Have you noticed that, as you seek to probe a parable it can be as exciting and intriguing as the challenge of a Father Brown, James Patterson or Jessica Fletcher fictionalized mystery story. Ah, there’s one big difference – a mystery may seem pretty far-fetched while Jesus’ parables deal with real-life issues. They are alike in this: both are filled with clues – though some may be quite subtle. Lectio helps us probe Jesus’ parables – like in a game of Clue – bit by bit gaining us information that will enrich our lives.
These past few weeks, we move ever closer to the end of the church year, the liturgy has been offering us clues about the meaning of the “last days.” In this parable, Jesus uses the “root of all evil” metaphor. It’s about more than our monthly pocket money. This is about life and our allotment of gifts, talents, and responsibilities. We can’t be reminded too often that our gifts, our talents, our donors’ contributions are given to us primarily for service to others. And, there is a promise coming: If we make the intended use of these gifts, we will be rewarded and entrusted with even more responsibilities. Sadly, some people deliberately fail at a job or chore they don’t like so they won’t get asked to do it again. What about us and our talents? Do we let dislike of a job, or a personality conflict with a co-worker or the threat of failure, or someone else’s critical eye hold us back from using a God-given talent? Or how about a more mundane question: We get an allowance each month – do we bury it, hoard it, save it for vacation or a rainy day? On the other hand, do we tithe a portion for the good of others so it keeps moving forward, good upon good?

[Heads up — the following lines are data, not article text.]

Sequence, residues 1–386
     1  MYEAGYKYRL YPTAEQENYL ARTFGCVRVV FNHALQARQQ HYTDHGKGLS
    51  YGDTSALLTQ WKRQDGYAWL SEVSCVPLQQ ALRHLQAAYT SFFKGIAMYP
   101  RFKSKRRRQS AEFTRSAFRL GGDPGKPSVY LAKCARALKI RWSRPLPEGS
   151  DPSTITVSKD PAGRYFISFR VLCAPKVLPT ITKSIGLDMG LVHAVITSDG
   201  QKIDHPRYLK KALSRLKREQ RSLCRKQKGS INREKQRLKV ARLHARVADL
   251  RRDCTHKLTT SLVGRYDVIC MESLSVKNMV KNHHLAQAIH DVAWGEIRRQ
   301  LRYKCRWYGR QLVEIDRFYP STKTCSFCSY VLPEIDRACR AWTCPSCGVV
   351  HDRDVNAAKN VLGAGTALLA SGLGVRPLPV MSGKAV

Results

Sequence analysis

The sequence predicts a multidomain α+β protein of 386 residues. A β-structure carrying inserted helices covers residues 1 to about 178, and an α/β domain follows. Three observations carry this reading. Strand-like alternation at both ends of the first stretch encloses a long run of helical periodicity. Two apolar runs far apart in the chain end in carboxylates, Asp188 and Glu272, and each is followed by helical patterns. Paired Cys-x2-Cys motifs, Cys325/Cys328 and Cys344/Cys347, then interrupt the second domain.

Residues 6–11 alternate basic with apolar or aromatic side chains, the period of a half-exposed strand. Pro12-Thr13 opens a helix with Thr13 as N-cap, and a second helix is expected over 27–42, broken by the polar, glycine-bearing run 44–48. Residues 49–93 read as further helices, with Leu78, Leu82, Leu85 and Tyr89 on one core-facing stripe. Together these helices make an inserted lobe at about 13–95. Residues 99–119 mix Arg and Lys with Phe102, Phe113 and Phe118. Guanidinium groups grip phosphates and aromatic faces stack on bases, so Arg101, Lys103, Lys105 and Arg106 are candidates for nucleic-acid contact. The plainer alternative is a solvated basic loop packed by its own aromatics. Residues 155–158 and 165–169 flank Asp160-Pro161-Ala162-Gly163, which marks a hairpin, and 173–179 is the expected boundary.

Like the Master in this Gospel, St. Benedict teaches us “journey lessons.” He speaks most directly to and about those who are sent on the journey… He doesn’t say that the Prioress, upon her return, will ask for an accounting – She knows “when the Prioress is away, the mice will play.” And in all likelihood she will not (like the Master in this parable) distribute money to the members who well-tended the vineyard in her absence. [But Benedict’s instruction does not preclude the Prioress from bringing home trinkets / mementos for everyone.]